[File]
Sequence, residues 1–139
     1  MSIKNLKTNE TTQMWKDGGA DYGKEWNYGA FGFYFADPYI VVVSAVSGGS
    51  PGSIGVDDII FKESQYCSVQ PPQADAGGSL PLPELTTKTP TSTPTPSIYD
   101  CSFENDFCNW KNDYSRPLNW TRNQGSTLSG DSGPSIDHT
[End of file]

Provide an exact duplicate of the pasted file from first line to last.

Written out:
Sequence, residues 1–139
     1  MSIKNLKTNE TTQMWKDGGA DYGKEWNYGA FGFYFADPYI VVVSAVSGGS
    51  PGSIGVDDII FKESQYCSVQ PPQADAGGSL PLPELTTKTP TSTPTPSIYD
   101  CSFENDFCNW KNDYSRPLNW TRNQGSTLSG DSGPSIDHT